Documentary and editorial photographer Toni Greaves spends around $80 per month on electricity and water, plus $55 for Internet service.
Browne’s utility costs run around $150 per month for just about everything (electricity, gas, water and Internet) but are slightly less in the summer because he needs no A/C. McClaren’s costs are slightly less at $100 to $125 per month.
THE BOTTOM LINE: $125 per month.
Marketing costs for photographers vary, but most admit they should be doing more of it. McClaren uses direct mail and has nonexclusive representation with Redux for editorial, a traditional advertising representative and a listing on www.wonderfulmachine.com. He also makes an annual sales trip to New York. His annual costs total under $10,000.
Greaves spends closer to $1,000 a year for e-mails and cards. She also enters photo contests and budgets $600 for them annually. “Contests are good for my business, as they allow further exposure for my work and thus potentially lead to paid assignments,” she explains. She also spends money on attending networking events.
Browne spends mostly on his own Web site, contests and his ASMP membership. His annual costs are around $600.
THE BOTTOM LINE: $50 to $800 per month.
The best place in Portland for both camera equipment and service is Pro Photo Supply. However, “people tend to own everything in Portland and borrow from each other,” Browne points out.
A top-of-the-line DSLR camera body costs about $5,200, says Jon Combs, sales and marketing manager. Lenses generally start at $100 and go up from there, but the average price is $797, he points out.
The top-selling Nikon camera is the D90, at $839, along with $810 for the 24-70 mm lens or $2,399 for the 70-200 mm lens.
Lighting purchases have shifted in the past few years from power packs and light heads to moonlights or speedlights because there’s more location shooting, says Combs. However, to rent the Pro Photo Supply 7B lighting kit costs around $90 per day ($360 per week), and it includes a portable battery pack and a head. Rental prices are identical at Clutch Camera. Clutch also does good rental business in the Bron Color Lighting kit, which costs $85 per day or $340 week.
Photographers also rent cameras from Pro Photo Supply and Clutch. The hottest Nikon rental is the D700, available from Pro Photo at $175 per day or $700 per week. Lens rentals cost $30 per day or $120 weekly.
THE BOTTOM LINE: To buy the basics (camera and lens): $2,774. To rent the basics (camera, lens and lights): $295 (per day); $1,180 (per week).
To buy, Steve Hagan, a real estate agent with Windermere Real Estate’s commercial division, says you should anticipate spending around $1 per square foot per month, and most studios are 1,000 to 2,000 square feet. “There’s a lot of very viable space in the older industrial areas that are converting into more creative uses,” he says.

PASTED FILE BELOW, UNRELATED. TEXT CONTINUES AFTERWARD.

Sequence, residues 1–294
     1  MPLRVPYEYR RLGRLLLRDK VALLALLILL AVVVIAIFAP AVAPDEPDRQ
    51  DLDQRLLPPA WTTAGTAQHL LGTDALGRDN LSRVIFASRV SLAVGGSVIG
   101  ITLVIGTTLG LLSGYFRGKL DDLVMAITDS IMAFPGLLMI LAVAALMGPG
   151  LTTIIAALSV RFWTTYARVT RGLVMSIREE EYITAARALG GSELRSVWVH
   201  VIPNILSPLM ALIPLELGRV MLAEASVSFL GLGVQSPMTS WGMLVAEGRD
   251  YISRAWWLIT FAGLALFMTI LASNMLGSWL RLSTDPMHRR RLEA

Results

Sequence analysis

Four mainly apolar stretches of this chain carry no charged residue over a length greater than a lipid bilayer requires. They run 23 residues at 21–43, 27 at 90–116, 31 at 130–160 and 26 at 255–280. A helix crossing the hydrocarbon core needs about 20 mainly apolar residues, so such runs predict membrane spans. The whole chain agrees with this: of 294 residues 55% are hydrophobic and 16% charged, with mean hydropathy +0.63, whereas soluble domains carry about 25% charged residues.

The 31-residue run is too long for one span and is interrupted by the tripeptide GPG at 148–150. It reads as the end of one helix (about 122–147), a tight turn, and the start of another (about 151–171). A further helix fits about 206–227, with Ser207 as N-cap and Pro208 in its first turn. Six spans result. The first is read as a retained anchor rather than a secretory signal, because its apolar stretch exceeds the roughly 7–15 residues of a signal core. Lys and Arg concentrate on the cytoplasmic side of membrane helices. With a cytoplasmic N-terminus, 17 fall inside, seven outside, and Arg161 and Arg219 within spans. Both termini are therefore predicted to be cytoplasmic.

Andy Batt rents his own studio, which costs him $2,200 per month for 2,750 square feet. He also rents it out to other photographers at a cost of $400 to $450 per day.
A 450-square-foot rental studio at the NewSpace Center for Photography runs $250 for a full day (eight hours) with no lights, $275 with in-house hot lights and $325 with in-house strobe lights.
THE BOTTOM LINE: To rent your own studio: $1,000 to $2,000 per month. To rent a studio by the day: $250 to $400.
Most photographers carry business/ equipment insurance. This costs Browne $300 per year, while Greaves pays $514. McClaren’s costs are even higher at $600, “for a basic business insurance with a liability rider that covers damage to equipment.”
Greaves also pays $156 per month for health insurance, McClaren pays $725 for family coverage and Batt pays $600 for two people.
THE BOTTOM LINE: Business insurance: $25 to $50 per month. Health insurance: $502 per month.
TOTAL POPUATION: 551,226
MEDIAN AGE (YEARS): 37.5
Under 5 years – 6.7%
5 to 9 years – 6.1%
10 to 14 years – 5.3%
15 to 19 years – 5.5%
20 to 24 years – 5.9%
25 to 34 years – 16.0%
35 to 44 years – 16.8%
45 to 54 years – 15.3%
55 to 64 years – 12.1%
65 years and over – 10.3%
PER CAPITA INCOME: $29,672
MEDIAN HOUSEHOLD INCOME: $48,993
MEDIAN FAMILY INCOME: $64,193
MONTHLY HOUSING UNIT WITH A MORTGAGE: Median $1,682
MONTHLY HOUSING UNIT WITHOUT A MORTGAGE: Median $518
OWNER-OCCUPIED HOUSING: 57.7%
RENTER-OCCUIPED HOUSING: 42.3%
VACANT HOUSING UNITS: 6.6%
LEADING INDUSTRIES: Educational services, and health care and social assistance (22%) and professional, scientific, management, administrative and waste management services (14%).
MOST COMMON OCCUPATIONS: Management, professional and related occupations (42%); sales and office occupations (23%); service occupations, (17%); production, transportation and material moving occupations (12%); and construction, extraction, maintenance and repair occupations (6%).
MEAN TRAVEL TIME TO WORK: 24.1 minutes
SOURCE: U.S. Census Bureau, 2006–2008 American Community Survey